Towards a Natural Justice of Right Relationships
HUMAN RIGHTS IN PHILOSOPHY AND PRACTICE, Burton M. Leiser and Tom D. Campbell, eds., Ashgate Publishing
18 Pages Posted: 25 Oct 2001 Last revised: 9 Apr 2009
Most people growing up learn to recognize two fundamentally different ideas of justice: the justice of "rights" and the justice of "right relationships." The justice of rights is the more familiar goal of current criminal law, with its normative lines in the sand and penalties for transgression. The justice of rights is not, however, the only kind of justice. There is also the justice of right relationships. Neither kind of justice can exist without the other, but the two are not equal. Indeed, a mere "relationship of rights" is a very poor proxy for a right relationship.
For a social species such as ourselves, having a psychological repertoire replete with emotions sparked by human interchange, it is relationships not rights that people really live for. Rights are at best a partial means to right relationships, a way of providing background conditions in which right relationships can be established and fostered. Ultimately, however, no depersonalized system of rights and rules can mediate, except in a crude and clumsy way, the intricacies of interactions among persons. As fundamental legal concepts, rights alone produce only a poor simulation of actual right relationships
Unlike the rigid, one-size-fits-all justice of rights, the justice of right relationships does not consist of fixedly norm-based "entitlements." It is, by contrast, intrinsically indefinite so as to provide individualized justice that is tailored to particularized human beings and the uniquely personalized connections among them. Broadly, right relationships are relations in which each (or all) seek, without abandoning themselves, to be attentive and responsive to the needs and emotions of one another, quite apart from considerations of entitlement. The important "negative" markers of right relationships are that they are free of systematic oppression, exploitation or manipulation. That is, a relationship is not "right" if participants seek to overbear in power (oppress), to overreach in resources (exploit), or to mislead for selfish advantage (manipulate).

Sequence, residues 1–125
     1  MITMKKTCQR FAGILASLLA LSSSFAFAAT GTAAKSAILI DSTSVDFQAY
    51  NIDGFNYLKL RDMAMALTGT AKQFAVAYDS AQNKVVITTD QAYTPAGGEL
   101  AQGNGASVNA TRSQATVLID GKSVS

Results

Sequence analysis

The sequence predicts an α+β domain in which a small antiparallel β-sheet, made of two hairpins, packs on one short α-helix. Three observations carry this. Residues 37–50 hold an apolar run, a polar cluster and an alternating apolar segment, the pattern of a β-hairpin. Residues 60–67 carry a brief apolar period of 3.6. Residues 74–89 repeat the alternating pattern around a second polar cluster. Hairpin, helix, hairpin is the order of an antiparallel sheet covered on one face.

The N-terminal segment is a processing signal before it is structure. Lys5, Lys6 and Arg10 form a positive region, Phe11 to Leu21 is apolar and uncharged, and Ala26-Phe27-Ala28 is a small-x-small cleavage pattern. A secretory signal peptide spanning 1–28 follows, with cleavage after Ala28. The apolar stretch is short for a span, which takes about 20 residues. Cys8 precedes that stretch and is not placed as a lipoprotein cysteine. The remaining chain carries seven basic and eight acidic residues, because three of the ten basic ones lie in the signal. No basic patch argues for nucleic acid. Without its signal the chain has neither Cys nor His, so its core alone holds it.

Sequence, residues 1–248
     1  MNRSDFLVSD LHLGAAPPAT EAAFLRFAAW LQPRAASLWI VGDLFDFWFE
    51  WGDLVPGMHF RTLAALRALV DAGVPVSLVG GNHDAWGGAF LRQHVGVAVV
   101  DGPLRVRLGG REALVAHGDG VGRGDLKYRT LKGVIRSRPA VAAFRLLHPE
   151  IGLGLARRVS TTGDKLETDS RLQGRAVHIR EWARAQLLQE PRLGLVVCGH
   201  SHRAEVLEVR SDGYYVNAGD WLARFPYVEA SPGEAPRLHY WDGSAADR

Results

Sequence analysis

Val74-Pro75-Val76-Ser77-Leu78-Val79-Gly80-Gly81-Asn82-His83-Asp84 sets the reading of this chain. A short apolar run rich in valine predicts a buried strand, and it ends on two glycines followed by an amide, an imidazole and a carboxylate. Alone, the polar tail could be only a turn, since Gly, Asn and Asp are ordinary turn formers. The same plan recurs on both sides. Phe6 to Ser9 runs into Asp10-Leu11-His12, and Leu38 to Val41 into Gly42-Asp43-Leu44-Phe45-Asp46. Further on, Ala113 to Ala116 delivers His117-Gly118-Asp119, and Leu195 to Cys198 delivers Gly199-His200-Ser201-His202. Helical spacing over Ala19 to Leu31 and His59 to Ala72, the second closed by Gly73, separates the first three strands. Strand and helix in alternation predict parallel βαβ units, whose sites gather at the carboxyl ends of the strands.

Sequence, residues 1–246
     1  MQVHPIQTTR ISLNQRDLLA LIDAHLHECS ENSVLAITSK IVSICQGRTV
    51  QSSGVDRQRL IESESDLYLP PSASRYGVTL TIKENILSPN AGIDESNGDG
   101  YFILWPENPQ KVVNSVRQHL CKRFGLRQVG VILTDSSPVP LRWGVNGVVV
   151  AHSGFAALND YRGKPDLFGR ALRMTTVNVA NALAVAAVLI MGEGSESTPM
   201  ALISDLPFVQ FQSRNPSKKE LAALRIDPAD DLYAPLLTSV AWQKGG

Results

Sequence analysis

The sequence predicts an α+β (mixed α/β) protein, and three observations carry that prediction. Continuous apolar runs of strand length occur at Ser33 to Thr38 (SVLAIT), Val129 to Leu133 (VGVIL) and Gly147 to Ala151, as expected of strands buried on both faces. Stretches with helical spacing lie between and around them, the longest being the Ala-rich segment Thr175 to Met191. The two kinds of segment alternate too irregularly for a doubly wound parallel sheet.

The ideal of right relationships holds it is ultimately more important to mend tears in the social fabric than to demand rights within it, better to respond to harmful acts by making things right, not merely by making things "even." It is the justice that fixes hurts with healing, instead of just inflicting more hurt in return. By contrast, when people insist mainly on rights, letting the chips fall where they may, the result is rarely justice but, instead, the endless series of affronts, reprisals and retribution that we now see all around.
Drawing on the work of Carol Gilligan and others, this article sketches how the law might begin to actually resolve social conflicts instead of merely subliminalizing them - pushing them beneath the surface by dint of superior force. It gives particular attention to the case of the criminal law, in which the justice of right relationships would require that the primary effort be not to harm (punish) the harmdoer but, rather, to reestablish the harmdoer in a network of relationships that will conduce to a law-abiding life.
Keywords: rights, relationships, right relationships, crime, criminal law, jurisprudence, ethic of care, care, norms, punishment, justice, restorative justice, retribution, rule-based systems
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